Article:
Rick Rule's #1 Pick
The Fed has just announced unlimited QE as market turbulence refuses to subside in what looks like a perfect storm for gold.
The kind that unfortunately brings with it a very real human toll. I spoke with one of the most successful speculators and investors in the resource space, Rick Rule.
In part one, we talk the macro scenario, whether the Fed can print its way out of this, which commodities Rick is most bullish on, and why we’re on the verge of a historic cycle for precious metals. Enjoy and be safe out there.
To your wealth,
Gerardo Del Real: This is Gerardo Del Real with the Outsider Club. Joining me today, and I can't think of a better time, is somebody that really needs zero introduction from me, Mr. Rick Rule. Rick, how are you today, sir?
Rick Rule: I'm fine. Like everybody else, sort of a little concerned about various things that are going on. But the truth is that my health, my wife's health, everybody's health is great. So the best it could be expected, sir.
Gerardo Del Real: That is absolutely the best-case scenario. It’s good hear that and I hope that continues to be the case. Let's get right into it. I stepped away for 20 minutes to prepare for this interview and in the 20 minutes that I stepped away, the Fed announced that daily repo operations would now be up to $1 trillion daily. Mortgage security purchases went from $107 billion just half an hour ago to $122 billion.
Before anything, you consider yourself I believe a credit analyst. I've heard you say that many times over. So I want to talk about the credit profile of the world and the U.S. But before that I have to ask, Rick, how does this financial panic, taking the human aspect aside, compare to the crisis back in 2008?
Rick Rule: Well, I think this is probably going to end up being a little bit more severe than 2008, in large measure because of the policy response to the 2008 crisis. The 2008 crisis was a liquidity squeeze that was brought on by imprudent lending. And my own belief is that the fiscal and policy response to that encouraged more imprudent lending and imprudent borrowing. We are beginning to run out of fiscal tools. I'm not one of those who thinks that we're on the verge of a greater depression, but I am one of those who believes that over time, markets work better and more surely than governments.
So my suspicion is that the economic wind that we've had, the recovery that we've had since 2008, is first of all over. And probably we need a good old fashioned recession to cure some of what ails us. The cure, of course, won't feel like a cure. Resets seldom do. You can't dig your way out of debt by taking on more debt.
Gerardo Del Real: It seems like the response this time is just a more aggressive accumulation of debt, correct? Both as a global response and nationally here in the United States. Is that accurate?
Rick Rule: Absolutely. Gerardo, what your listeners need to understand really is that the political response is very easy to understand. There is a war on savers, who are scarce, by spenders, who are numerous. When that outcome is decided by voting, it takes on the sort of aspect of that old libertarian lapel pin, "Elections are where four coyotes and a lamb vote on the lunch menu."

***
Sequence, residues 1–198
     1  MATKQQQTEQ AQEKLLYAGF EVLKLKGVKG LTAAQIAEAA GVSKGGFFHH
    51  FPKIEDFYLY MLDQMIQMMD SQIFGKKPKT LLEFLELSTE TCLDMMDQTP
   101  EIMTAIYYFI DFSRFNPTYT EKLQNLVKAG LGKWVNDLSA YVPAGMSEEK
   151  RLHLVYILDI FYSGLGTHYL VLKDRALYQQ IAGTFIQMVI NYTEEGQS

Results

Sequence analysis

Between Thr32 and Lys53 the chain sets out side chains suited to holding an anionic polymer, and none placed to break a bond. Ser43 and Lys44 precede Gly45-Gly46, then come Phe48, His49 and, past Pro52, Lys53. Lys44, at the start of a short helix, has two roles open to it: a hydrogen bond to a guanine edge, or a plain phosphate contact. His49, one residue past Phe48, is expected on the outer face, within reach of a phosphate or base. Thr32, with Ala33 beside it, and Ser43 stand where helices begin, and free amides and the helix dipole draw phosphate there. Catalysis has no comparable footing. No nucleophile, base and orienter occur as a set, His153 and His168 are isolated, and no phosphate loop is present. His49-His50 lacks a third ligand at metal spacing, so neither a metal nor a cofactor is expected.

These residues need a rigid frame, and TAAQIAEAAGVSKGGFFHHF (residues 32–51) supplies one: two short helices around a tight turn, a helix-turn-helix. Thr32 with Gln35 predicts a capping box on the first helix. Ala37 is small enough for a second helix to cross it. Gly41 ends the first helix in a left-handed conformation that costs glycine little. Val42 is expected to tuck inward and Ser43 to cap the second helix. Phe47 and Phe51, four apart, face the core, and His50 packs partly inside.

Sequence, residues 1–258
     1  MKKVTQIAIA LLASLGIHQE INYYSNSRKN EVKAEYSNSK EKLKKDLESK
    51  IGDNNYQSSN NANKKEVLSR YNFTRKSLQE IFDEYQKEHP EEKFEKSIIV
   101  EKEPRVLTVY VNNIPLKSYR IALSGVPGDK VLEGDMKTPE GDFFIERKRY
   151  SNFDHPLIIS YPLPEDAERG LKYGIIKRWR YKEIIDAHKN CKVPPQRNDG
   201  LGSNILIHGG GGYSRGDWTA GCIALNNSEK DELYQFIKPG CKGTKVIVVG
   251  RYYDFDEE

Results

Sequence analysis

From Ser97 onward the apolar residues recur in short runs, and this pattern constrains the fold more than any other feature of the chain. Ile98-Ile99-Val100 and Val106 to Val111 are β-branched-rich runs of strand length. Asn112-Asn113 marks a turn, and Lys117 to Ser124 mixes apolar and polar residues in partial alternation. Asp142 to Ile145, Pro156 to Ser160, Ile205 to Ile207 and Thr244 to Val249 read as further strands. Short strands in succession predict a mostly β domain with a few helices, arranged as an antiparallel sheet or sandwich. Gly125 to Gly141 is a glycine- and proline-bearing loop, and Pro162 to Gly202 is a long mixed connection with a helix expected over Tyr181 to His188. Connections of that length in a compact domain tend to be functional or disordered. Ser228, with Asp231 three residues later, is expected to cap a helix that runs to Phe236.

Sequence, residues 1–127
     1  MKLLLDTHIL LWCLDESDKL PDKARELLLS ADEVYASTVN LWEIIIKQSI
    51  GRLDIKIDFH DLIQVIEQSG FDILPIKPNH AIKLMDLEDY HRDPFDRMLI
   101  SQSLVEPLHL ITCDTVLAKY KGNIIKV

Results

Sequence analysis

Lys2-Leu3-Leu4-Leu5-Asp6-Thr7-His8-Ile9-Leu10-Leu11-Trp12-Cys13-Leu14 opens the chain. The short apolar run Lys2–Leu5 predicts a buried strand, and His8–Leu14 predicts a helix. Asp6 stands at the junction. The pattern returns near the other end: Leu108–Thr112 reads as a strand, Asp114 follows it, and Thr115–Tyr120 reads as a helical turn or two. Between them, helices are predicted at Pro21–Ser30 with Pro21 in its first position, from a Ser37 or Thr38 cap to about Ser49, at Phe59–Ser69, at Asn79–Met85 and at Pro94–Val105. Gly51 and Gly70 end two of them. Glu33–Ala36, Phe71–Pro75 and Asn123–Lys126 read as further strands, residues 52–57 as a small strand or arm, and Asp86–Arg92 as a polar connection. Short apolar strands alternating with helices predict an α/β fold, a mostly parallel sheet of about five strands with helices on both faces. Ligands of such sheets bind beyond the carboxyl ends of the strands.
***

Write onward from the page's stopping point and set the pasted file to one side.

Negative interest rates penalize savers on behalf of spenders. Similarly, quantitative easing, which was the government's word for counterfeiting, deprives savers of the spending power of their savings. Spenders don't have to worry about that. So the circumstance that we have is very easy to understand. You just can't justify it.
Gerardo Del Real: Typically, when we have these types of panics, there's a rush to bonds and we just have not seen that this go round. And I think here in the U.S., the Fed's response — and you could add the ECB and the BOJ with slightly different scenarios — but the Fed's response speaks to the worry that they won't be able to reign in rates.
Do you believe that, here in the U.S. anyway, the Fed can delay that inevitable reset for another couple of years with this aggressive counterfeiting, as you called it, of the currency?
Rick Rule: I do believe that they can do it. I don't believe that they can totally control credit markets because you are beginning to see divergence. In other words, you are beginning to see various tranches of the debt market begin to price themselves according to risk. Rather than the 10-year trend to convergence, you're beginning to see divergence. But I believe that the majority of Americans want to believe in their government and they want to believe that a war on savers by spenders is a good thing. The majority of Americans, I think, unfortunately are not very good at arithmetic or economics and they don't equate it with helping people whose wants and needs exceed their means.
Gerardo Del Real: One more question for you, Rick, while we're on the topic of government. Do you believe this is where people, the average American, Joe the plumber to take a name from the past, starts to lose confidence in government, if this stimulus response and the fiscal one that's going to follow it is ineffective? Because I see municipal credit markets are in trouble. The treasury market's in trouble, fixed income, the corporate bond market, all of it seems to me extremely fragile.
And I agree with you, I don't believe the Fed's going to be able to control all of it and when it loses some of it, do you believe this is where the everyday American starts to really question whether what's behind the curtain really is the best policy for everyone?